MAIN PAGE
ABOUT THE TEAM
EQUINE REPRODUCTION ARTICLES
SHORT COURSES
OTHER SERVICES AVAILABLE FROM EQUINE-REPRODUCTION.COM
EQUINE REPRODUCTION E-MAIL LIST
EQUINE REPRODUCTION BULLETIN BOARD
CONTACT US



If you "like" us please "recommend" us!



and then:
Join us on Facebook! Join us on Facebook!


Proudly assisted by:

Serving the reproductive industry


Some FAQ's About Frozen Semen

By Jamie Anderson, MA Physiol (Oxon)

What is the industry standard for motility of frozen semen?

Frozen Semen It varies between 30% and 35% depending on the centre it was frozen at. It is important to remember that motility does not guarantee fertility. No lab tests are able to guarantee fertility either. The ability to produce pregnancies is your best indicator of fertility of frozen semen.

Why are frozen semen AI packages more costly than fresh/chilled packages?

This is due to the difference in longevity between fresh/chilled and frozen semen. Once inseminated, fresh/chilled semen will remain alive and viable in the mare for 48-72 hours; and significantly more for some stallions. Frozen semen however has a much shorter “shelf life”, and will only remain viable inside the mare for 6-12 (or perhaps even 18) hours.

This shorter longevity means that more precision is required in terms of the timing of insemination relative to ovulation; which requires a greater number of ultrasound scans, sometimes every few hours through the night. Multiple inseminations may be required depending on the availability of the semen, and the practises that individual vets and technicians adopt.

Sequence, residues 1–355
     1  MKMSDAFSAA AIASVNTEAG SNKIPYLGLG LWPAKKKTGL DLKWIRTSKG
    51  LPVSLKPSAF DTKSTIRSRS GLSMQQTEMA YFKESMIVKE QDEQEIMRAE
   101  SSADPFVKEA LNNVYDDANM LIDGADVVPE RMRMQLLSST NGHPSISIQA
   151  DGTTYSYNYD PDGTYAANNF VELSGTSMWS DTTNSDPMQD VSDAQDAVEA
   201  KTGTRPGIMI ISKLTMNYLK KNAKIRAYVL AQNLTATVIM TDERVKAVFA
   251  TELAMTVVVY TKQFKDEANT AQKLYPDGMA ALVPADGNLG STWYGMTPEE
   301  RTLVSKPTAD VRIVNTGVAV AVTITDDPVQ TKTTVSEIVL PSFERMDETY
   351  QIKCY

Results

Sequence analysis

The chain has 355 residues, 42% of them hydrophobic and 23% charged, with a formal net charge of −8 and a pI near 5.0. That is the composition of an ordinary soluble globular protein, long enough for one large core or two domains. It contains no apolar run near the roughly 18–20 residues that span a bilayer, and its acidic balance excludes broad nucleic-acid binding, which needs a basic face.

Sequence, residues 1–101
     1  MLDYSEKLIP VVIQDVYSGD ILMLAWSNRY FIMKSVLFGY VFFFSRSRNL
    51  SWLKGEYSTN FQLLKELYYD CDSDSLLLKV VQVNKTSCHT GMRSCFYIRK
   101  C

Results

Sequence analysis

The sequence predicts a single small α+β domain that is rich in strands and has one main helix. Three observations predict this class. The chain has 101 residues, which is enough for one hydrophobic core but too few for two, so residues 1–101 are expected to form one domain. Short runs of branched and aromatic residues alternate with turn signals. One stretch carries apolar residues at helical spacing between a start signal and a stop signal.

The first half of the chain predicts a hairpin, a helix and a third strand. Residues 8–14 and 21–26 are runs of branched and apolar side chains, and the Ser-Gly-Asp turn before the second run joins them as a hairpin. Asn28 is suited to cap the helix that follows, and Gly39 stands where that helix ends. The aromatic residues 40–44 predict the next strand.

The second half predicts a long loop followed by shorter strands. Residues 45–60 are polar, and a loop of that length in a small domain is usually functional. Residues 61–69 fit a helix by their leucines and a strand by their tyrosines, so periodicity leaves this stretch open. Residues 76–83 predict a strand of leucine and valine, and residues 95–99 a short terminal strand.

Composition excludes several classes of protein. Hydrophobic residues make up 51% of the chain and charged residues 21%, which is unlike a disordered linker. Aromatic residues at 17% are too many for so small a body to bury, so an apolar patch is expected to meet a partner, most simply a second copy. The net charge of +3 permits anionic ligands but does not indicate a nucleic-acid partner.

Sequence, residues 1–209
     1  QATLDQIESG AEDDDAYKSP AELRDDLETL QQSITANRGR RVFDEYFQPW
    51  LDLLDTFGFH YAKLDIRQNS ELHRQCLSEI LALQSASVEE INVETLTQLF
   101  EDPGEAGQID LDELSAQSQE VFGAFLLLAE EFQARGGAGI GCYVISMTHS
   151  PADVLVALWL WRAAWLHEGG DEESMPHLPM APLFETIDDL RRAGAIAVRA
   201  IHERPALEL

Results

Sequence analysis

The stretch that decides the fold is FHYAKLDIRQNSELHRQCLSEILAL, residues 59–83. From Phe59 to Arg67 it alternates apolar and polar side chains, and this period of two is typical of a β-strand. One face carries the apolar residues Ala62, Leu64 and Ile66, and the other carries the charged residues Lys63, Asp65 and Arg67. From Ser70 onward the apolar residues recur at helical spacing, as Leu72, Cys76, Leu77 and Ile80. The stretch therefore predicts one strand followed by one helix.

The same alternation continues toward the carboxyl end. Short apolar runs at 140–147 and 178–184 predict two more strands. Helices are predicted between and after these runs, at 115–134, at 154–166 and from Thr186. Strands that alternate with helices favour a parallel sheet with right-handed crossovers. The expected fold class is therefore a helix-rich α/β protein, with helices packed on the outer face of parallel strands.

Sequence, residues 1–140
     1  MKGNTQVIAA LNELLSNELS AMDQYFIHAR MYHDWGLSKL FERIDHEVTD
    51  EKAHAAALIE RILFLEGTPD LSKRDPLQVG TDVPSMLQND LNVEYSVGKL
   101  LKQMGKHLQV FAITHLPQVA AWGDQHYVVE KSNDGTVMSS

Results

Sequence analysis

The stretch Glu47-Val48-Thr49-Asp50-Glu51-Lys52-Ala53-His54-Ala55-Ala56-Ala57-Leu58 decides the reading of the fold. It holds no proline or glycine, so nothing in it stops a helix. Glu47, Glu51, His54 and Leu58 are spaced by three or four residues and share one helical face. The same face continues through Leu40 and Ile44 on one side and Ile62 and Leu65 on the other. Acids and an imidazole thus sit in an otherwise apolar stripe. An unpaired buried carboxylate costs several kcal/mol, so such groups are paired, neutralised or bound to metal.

Additionally, frozen semen is more irritating to the mare’s uterus than fresh/chilled semen, and so will often cause a more intense “reaction” which may be observed as pooled fluid inside the uterus. This requires additional treatment to deal with the irritation and subsequent fluid production.

These factors all conspire to make frozen semen packages a little more expensive than fresh/chilled packages.

Is my mare a good candidate for frozen semen?

If your mare has regularly got in foal in the last few years on the first or second attempt without fluid-related complications, is between 3 and 12 years old, and has good reproductive conformation then she is probably a good candidate for frozen semen.

Older mares (13+), those with unknown fertility (maidens), those who are subfertile, or mares who have experienced delayed uterine clearance (DUC), are less likely to be good candidates for frozen semen.

How do I know if the frozen semen I am using is fertile?

The only way to be certain if it is adequately fertile, is if mares bred to the same batch of frozen have become pregnant after 3 cycles or less.

30%+ progressive motility after thawing with good velocity is a good indicator that the semen has the potential to be fertile, as do positive results from other lab tests such as mitochondrial function, membrane integrity and chromatin assays. However, it is important to realise that, at the time of writing this, laboratory tests cannot predict the fertility of frozen semen.

The frozen semen I’m using passes minimum motility standards. Does that mean it is fertile?

No. While 30%+ progressive motility after thawing with good velocity is a good indicator that the semen has the potential to be fertile, as do positive results from other lab tests such as mitochondrial function, membrane integrity and chromatin assays. However, it is important to realise that, at the time of writing this, laboratory tests cannot predict the fertility of frozen semen.

The only way to be certain if it is adequately fertile, is if mares bred to the same batch of frozen have become pregnant after 3 cycles or less.

© 2012, Equine-Reproduction.com LLC
Use of article permitted only upon receipt of required permission and with necessary accreditation.
Please contact us for further details of article use requirements. Other conditions may apply.





MAIN PAGE | ABOUT US | INFORMATIONAL ARTICLES | SHORTCOURSES | SERVICES
EQUINE REPRODUCTION E-MAIL LIST | BULLETIN BOARD | CONTACT US